The sun came up again in the morning over a smiling, happy sea that licked the sides of the Doraine with the tenderness of a dog.
The plight of the hapless steamer could not be disguised. Even the most ignorant passenger knew that the wrecked engines could not be repaired or compounded. They knew that the Doraine was completely paralysed. The power to move at will was for ever lost, the force that had driven her resistlessly along the chosen path was still. The powerful propellers were idle, the huge stern-post wrenched so badly that the rudder was useless. She was adrift, helplessly adrift. Of what avail the wheel and a patched-up rudder to the mass that lay inert, motionless on the smiling sea?
Every one on board realized, with sinking heart, that the Doraine was to go on drifting, drifting no man knew whither, until she crossed the path of a friendly stranger out there in the mighty waste. No cry of distress, no call for help could go crackling into the boundless reaches. That was the plight of the Doraine and her people on the mocking day that followed the disaster, and unless fate intervened that would be her plight for days without end.
Mr. Mott, temporarily in command, addressed the passengers in the main saloon, where they had congregated at his request. He did not mince matters. He stated the situation plainly. It was best that they should realize, that they should understand, that they should know the truth, in order that they might adapt themselves to the conditions he was now compelled of necessity to impose upon them. They were, so to speak, occupying a derelict. Help might come before nightfall, it might not come for days. He hoped for the best but he intended to prepare for the worst.
Without apology he laid down a rigid set of rules, and from these rules, he made it perfectly clear, there could be no deviation. The available supply of food was limited. It was his purpose to conserve it with the greatest possible care. Down in the holds, of course, was a vast store of consigned foodstuffs, but he had no authority to draw upon it and would not do so unless the ship's own stock was exhausted. Passengers and crew, therefore, would be obliged to go on short rations. "Better to eat sparingly now," he said, "than not to eat at all later on." He concluded his remarks in this fashion:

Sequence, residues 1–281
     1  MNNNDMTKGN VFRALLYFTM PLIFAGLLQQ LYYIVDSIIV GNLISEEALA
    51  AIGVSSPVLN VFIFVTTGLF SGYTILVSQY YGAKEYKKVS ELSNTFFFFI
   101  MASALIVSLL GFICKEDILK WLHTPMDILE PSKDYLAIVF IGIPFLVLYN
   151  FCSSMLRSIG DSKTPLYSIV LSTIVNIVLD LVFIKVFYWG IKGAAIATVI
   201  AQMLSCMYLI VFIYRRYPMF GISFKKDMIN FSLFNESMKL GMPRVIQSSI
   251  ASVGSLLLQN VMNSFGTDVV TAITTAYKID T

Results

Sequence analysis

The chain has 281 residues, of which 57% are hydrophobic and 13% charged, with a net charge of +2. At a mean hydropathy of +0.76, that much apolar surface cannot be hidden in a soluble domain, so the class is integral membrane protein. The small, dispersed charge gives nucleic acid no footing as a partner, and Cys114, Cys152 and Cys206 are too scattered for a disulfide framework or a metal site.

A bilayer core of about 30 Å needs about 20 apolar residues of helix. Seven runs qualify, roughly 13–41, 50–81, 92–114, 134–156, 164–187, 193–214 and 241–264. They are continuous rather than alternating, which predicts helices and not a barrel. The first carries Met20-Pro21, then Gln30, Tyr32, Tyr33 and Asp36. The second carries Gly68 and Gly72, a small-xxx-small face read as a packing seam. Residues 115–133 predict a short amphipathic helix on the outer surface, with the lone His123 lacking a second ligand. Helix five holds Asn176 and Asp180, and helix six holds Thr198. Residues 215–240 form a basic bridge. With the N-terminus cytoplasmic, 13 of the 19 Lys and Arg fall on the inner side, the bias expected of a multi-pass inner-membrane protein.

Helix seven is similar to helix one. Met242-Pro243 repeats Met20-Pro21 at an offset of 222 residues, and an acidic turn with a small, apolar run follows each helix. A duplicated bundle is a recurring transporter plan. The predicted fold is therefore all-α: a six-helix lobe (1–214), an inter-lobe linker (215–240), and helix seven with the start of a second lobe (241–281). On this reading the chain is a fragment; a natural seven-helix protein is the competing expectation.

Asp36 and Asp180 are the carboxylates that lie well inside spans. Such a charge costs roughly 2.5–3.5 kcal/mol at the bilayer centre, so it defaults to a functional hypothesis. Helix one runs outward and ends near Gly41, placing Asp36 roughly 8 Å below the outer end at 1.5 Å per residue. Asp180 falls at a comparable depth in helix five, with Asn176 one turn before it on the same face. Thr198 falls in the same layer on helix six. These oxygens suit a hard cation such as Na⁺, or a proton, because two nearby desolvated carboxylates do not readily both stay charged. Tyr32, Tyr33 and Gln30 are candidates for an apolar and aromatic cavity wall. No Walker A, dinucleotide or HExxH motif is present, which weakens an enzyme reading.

"Remember that we are all in the same boat. We don't know how long we'll be drifting like this and we don't know where we're drifting to. It's an everlastingly big ocean we're on. We ought to thank God we're not at the bottom of it now. If we're lucky we'll be picked up soon, if not,--well, it's up to us, every one of us, to make the best of it. We're alive, and that's certainly something. We'll all find it easier if we keep ourselves busy. That's why I'm asking you, one and all, to do a good day's work regularly, one way or another, from now until relief comes. We can't have any loafers or quitters on board this ship. That means everybody, rich and poor. You may think I'm putting a hardship on you, seeing as how you have paid for your passage and all that, but what I'm ordering you to do ain't a marker to what you'd be doing if you were out there in lifeboats, eight hundred miles from shore, and--well, we won't go into that. We've got to make the best of it, my friends. We're up against it good and plenty, that's the plain facts of the case. There's no use in me saying it's all going to turn out right in a day or so, because I don't know a da--- blamed thing about it. We're in God's hands. Maybe it will help to pray, but I doubt it. All I've got to say is this: go down on your knees as much as you like, but don't lick!"
Signor Joseppi lifted his voice, but not in song. In very bad English he wanted to know how long the Captain thought it would be before they were rescued, and when he was informed that it might not be for weeks or even months, he cried out in worse English that he was ruined. He would have to violate his contract! No impressario would think of engaging him again! His wonderful American tour! If he was not rescued within a week--Oh, my God, the consequences! He did not regret the paltry two thousand a week--for thirty weeks--but to violate a contract!
Mr. Mott looked rather helpless. He appreciated the fact that Signor Joseppi was a very great personage, but what was he saying? Was it--could it be mutiny?
"I'm sorry, Mr. Joseppi," he broke in, "but if Madame Amori is willing to take her regular turn at making up berths, I guess it won't hurt you to help every now and then in the dining-room."
Signor Joseppi did not understand a word of it. He turned to the man at his elbow for enlightenment.
"What did he say?" he whispered.
"He says you have a perfectly marvellous voice and that he'd give two thousand any time to hear you sing," replied his neighbour in excellent Italian.